Friday, November 20, 2009

All I Need to Know about Women I Learned from Oprah Winfrey

No human being has been hated more for making absurd amounts of money in a way that is ostensibly altruistic than Oprah Winfrey.

As I write this, Oprah just announced that she is quitting her daytime talk show in 2011. It's hard to find a woman alive who has not felt her influence. Therefore, any serious effort to understand females must involve a careful study of Oprahness -- her magazine, her show, the whole works.

I undertook this grueling task, which absorbed all my free time and attention for many, many minutes.  Gentlemen, I highly recommend you take note of my findings. They will change your life.

The most common complaint women have about men is that they don't communicate. We fellas just don't see what there is to talk about once the relevant biographical details (who you've slept with) are out of the way.

Suppose you hear the question, "What are you thinking about?"  Why do women ask this question? Because no one taught them how to fish, so they have no other way of building bonds with people.

Typically, the honest answer will be something like "baseball" or "sex." These answers won't do.

Women want to believe their men are deep thinkers.  But there is no need to lie, because you are, in fact, a deep thinker. You're just thinking deeply about a topic she hasn't learned to appreciate, and it's not a priority for you to frame it in the proper context for her.

But give it a try.

Women love context.

(It also helps if you start with the words "I'm feeling.")

So if you're thinking about sex, for example, your answer needs to be "intimacy;" or, even better: "I'm feeling intimate/a lack of intimacy." 

Now you're speaking her language.

If you're thinking about whether or not the Red Sox will continue to use Ortiz at DH if his power numbers stay down, you need to say: "I've noticed that I like to feel like I can accomplish a lot athletically, so when I ponder the drama played out by highly paid athletes, in a sense it helps me feel more powerful. Watching one hero in the declining stages of his career gives me a parallel to my own fears that my best days are behind me."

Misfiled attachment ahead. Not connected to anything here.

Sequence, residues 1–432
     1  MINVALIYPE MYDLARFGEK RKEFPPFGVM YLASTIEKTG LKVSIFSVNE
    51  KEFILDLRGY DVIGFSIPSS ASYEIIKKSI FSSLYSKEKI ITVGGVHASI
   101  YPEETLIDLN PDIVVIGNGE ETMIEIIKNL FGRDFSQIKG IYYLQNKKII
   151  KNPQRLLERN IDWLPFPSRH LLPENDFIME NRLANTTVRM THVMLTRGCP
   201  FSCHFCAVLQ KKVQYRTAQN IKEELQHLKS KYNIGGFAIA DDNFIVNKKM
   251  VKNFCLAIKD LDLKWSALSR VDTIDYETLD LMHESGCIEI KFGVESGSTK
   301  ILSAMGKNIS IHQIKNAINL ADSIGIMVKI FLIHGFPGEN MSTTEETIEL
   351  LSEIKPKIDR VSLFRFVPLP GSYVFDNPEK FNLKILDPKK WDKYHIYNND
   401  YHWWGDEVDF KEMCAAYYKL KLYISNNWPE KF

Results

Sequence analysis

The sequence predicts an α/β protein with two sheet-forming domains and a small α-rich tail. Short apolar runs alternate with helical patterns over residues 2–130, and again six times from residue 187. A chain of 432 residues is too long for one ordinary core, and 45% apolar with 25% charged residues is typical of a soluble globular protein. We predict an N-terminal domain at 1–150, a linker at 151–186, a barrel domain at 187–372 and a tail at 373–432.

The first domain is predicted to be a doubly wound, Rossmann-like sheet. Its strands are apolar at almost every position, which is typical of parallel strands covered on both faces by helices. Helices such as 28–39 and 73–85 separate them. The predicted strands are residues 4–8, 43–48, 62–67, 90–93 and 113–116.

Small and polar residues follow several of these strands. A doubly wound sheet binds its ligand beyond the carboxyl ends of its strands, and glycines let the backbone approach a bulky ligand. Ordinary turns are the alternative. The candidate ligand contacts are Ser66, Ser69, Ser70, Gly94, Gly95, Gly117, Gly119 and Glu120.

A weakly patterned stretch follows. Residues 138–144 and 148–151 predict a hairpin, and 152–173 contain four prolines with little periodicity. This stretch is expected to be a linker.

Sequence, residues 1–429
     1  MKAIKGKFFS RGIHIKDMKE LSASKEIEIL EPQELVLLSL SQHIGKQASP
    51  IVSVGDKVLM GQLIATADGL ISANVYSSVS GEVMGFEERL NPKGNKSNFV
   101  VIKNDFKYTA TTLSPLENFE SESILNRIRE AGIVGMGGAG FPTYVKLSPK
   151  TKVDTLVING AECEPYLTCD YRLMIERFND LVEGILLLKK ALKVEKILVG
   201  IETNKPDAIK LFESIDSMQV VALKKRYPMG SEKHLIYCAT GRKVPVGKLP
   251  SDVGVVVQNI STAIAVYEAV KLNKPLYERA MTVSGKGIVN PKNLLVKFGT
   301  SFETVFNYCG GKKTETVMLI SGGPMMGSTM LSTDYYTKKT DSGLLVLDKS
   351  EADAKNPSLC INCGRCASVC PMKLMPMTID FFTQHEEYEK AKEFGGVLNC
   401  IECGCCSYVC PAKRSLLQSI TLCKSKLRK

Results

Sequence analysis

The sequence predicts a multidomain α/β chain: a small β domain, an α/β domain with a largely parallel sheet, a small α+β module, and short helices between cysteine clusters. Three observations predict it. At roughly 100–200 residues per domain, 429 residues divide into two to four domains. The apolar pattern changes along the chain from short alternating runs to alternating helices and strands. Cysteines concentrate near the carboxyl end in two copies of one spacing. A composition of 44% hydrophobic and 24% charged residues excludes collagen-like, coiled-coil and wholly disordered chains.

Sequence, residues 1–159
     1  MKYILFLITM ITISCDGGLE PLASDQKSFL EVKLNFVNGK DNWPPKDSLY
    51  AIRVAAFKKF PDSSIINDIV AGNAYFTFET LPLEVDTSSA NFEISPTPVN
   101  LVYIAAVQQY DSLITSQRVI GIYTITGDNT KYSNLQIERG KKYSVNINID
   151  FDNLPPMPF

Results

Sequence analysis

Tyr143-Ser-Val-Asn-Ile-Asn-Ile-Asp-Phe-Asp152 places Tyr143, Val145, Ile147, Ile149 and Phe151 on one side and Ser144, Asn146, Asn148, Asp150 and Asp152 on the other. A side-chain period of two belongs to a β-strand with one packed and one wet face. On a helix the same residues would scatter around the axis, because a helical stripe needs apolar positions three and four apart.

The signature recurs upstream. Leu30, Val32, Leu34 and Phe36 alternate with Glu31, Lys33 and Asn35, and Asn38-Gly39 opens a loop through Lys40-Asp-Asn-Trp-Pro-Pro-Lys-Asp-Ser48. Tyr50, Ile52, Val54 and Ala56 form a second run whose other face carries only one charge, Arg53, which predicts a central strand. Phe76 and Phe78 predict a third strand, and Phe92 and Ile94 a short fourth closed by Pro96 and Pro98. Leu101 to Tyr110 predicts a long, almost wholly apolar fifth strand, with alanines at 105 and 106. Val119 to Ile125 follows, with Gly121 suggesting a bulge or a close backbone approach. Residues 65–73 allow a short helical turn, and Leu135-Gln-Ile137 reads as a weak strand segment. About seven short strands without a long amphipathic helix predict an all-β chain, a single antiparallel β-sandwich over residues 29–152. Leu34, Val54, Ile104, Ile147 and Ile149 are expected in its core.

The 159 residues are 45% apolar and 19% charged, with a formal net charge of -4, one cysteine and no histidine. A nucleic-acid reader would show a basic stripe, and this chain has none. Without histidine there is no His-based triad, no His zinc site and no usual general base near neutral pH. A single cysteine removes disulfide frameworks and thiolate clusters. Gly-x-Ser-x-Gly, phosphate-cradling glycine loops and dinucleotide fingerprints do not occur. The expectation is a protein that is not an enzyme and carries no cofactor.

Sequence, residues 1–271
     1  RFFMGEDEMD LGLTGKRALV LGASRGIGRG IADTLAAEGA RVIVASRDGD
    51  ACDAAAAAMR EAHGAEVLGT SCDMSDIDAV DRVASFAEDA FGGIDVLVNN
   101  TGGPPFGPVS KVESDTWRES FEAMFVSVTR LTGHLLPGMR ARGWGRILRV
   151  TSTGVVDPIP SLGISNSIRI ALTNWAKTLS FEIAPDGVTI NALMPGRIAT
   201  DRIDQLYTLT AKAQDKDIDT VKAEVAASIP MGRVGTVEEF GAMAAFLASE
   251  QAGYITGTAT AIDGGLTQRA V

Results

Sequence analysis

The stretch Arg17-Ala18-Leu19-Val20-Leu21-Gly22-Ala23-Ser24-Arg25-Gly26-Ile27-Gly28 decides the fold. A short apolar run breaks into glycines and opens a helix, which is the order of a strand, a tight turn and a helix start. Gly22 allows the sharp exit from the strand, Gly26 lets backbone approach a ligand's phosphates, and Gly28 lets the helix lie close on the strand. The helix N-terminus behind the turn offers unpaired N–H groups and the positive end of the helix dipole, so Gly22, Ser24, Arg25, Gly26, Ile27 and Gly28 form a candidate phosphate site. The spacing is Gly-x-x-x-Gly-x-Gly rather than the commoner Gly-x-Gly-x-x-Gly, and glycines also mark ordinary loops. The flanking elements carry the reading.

Get the idea?

More examples:

Wrong: "I'm thinking I'd like to put in a new tree stand down by the property line."

Right: "I'm feeling frustrated by limited recreational opportunities, so I'm pondering some specific strategies to address that issue."

Wrong: "I'm thinking about maybe washing and waxing the truck."

Right: "I wonder if I'm doing enough to maintain our vehicles, because feeling like I can providing for us is very important to me."

Wrong: "I was remembering a Sylvester Stallone movie I saw a few years ago."

Right: "I was remembering a Hugh Grant movie I saw a few years ago."

Okay, that one probably requires a fib. This is hard, even for me! Again, better to stick with the truth, but reframe it:

"I was reflecting on how Hollywood war films promote reckless loyalty and violent physical domination as masculine traits. This is probably a side of myself that I need to explore more deeply in one of my four therapy sessions this week."

Hey, the ancient Greeks said "know thyself." Oprah reminded us that to be absorbed in your own self-improvement might be the greatest gift you can give to those around you.

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